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Moralizing TechnologyUnderstanding and Designing the Morality of Things$
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Peter-Paul Verbeek

Print publication date: 2011

Print ISBN-13: 9780226852911

Published to Chicago Scholarship Online: September 2013

DOI: 10.7208/chicago/9780226852904.001.0001

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PRINTED FROM CHICAGO SCHOLARSHIP ONLINE (www.chicago.universitypressscholarship.com). (c) Copyright University of Chicago Press, 2019. All Rights Reserved. An individual user may print out a PDF of a single chapter of a monograph in CHSO for personal use.date: 19 October 2019

Do Artifacts Have Morality?

Do Artifacts Have Morality?

Chapter:
(p.41) 3 Do Artifacts Have Morality?
Source:
Moralizing Technology
Author(s):

Peter-Paul Verbeek

Publisher:
University of Chicago Press
DOI:10.7208/chicago/9780226852904.003.0003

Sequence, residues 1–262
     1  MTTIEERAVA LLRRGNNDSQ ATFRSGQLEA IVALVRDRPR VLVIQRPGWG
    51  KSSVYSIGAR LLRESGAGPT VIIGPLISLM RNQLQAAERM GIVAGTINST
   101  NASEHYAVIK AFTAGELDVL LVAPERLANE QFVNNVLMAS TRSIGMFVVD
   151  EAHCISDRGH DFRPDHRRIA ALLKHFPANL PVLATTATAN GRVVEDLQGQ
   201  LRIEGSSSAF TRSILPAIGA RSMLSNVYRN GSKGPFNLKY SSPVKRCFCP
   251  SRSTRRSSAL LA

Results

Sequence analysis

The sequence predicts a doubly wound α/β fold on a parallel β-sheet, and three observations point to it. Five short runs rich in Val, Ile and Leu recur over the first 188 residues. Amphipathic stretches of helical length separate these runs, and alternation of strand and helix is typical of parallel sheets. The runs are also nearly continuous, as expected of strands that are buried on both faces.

This chapter focuses on the question of how to account for the moral role of technology in ethical theory. Qualifying as a moral agent requires at least the possession of intentionality and some degree of freedom. With respect to artifacts, it is argued here that both requirements are problematic. Utilizing the amodern approach, the concept of agency—including its aspects of intentionality and freedom—can be reinterpreted in a direction that makes it possible to investigate the moral relevance of technological artifacts in ethical theory. This chapter first discusses the most prominent existing accounts of the moral significance of technological artifacts. Later sections then develop a new account in which the chapter expands the concept of moral agency in such a way that it can do justice to the active role of technologies in moral actions and decisions.

Keywords:   moral role, ethical theory, moral agent, intentionality, freedom, amodern approach, technological artifacts, moral actions

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